Determinants of the presence of human papillomaviruses in the anal canal of Russian men

Vitaly Smelov, K. Miriam Elfström, Carina Eklund, Olga Sokolova, Joakim Dillner

Research output: Contribution to journalArticlepeer-review

4 Scopus citations

Abstract

Knowledge of determinants of anal human papillomavirus (HPV) infections among men is still limited as most of the studies are focused on high-risk populations and geographically narrowed. Such knowledge obtained in different populations is essential for better understanding of HPV natural history, transmission dynamics, and its role in the development and prevention of anogenital malignancies in different regions. Here we tested anal canal swab samples from 359 Russian heterosexual (323 human immunodeficiency virus [HIV]-negative and 27 HIV-positive, aged 18-67 years) men attending a sexually transmitted infection clinic 36 HPV types using a proficient Luminex assay. HPV-positivity in anal samples was common for 332 HIV-negative heterosexual men for overall HPV (15.7%, n = 52), oncogenic HPV (9.6%, n = 32), nononcogenic HPV (8.1%, n = 27), and multiple HPV infections (4.5%, n = 14). The most common anal HPV types were HPV16 (5.7%), HPV45, and HPV51 (1.8% each), HPV66, and HPV87 (1.8% each). No association was found with the number of lifetime sexual partners, age of participants at the time of the study, or their sexual debut. Although anal HPV positivity was more common among HIV-positive men, the current study provides additional evidence that anal HPV can be frequently detected in heterosexual HIV-negative men favoring further studies on transmission routes to discriminate between contamination and true HPV infection.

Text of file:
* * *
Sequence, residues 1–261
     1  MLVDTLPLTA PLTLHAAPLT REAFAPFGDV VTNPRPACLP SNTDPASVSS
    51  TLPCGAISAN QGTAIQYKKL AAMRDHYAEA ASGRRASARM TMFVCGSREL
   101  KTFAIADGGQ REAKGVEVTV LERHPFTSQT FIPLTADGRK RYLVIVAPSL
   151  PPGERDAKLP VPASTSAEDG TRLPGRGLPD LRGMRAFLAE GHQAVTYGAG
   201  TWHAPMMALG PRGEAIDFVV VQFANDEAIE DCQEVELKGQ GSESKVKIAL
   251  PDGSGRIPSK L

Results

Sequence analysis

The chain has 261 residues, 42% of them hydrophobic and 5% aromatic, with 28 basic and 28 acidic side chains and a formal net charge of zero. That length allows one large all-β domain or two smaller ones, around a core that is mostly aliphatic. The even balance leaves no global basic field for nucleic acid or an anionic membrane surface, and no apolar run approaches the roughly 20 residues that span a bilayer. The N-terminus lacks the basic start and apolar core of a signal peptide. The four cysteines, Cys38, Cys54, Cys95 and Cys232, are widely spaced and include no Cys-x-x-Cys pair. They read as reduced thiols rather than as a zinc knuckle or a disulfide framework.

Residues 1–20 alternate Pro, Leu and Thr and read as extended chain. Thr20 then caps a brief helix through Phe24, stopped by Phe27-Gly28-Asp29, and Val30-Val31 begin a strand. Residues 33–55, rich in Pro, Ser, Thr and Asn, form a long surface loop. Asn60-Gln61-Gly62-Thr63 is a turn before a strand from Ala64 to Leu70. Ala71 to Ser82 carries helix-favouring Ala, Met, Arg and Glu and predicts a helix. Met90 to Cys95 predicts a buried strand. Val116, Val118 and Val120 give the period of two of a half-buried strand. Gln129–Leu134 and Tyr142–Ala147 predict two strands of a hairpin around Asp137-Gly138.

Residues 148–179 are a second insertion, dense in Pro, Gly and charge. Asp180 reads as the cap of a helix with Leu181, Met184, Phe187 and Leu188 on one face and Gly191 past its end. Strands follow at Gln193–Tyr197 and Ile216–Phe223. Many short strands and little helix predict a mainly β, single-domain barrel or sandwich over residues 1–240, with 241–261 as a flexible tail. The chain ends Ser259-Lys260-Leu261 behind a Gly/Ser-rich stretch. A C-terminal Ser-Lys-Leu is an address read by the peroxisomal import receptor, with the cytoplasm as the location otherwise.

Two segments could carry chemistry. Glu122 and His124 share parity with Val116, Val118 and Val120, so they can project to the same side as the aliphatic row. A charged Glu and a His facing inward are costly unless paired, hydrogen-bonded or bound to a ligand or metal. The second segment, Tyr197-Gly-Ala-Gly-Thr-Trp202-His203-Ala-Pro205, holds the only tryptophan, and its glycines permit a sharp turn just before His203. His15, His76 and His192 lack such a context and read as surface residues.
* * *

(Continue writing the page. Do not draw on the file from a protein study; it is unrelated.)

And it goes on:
Original languageEnglish
Pages (from-to)1643-1650
Number of pages8
JournalJournal of Medical Virology
Volume90
Issue number10
DOIs
StatePublished - 1 Oct 2018

Scopus subject areas

  • Virology
  • Infectious Diseases

Keywords

  • epidemiology
  • human immunodeficiency virus (HIV)
  • human papillomavirus
  • local infection/replication/spread
  • pathogenesis
  • sexually transmitted disease
  • virus classification

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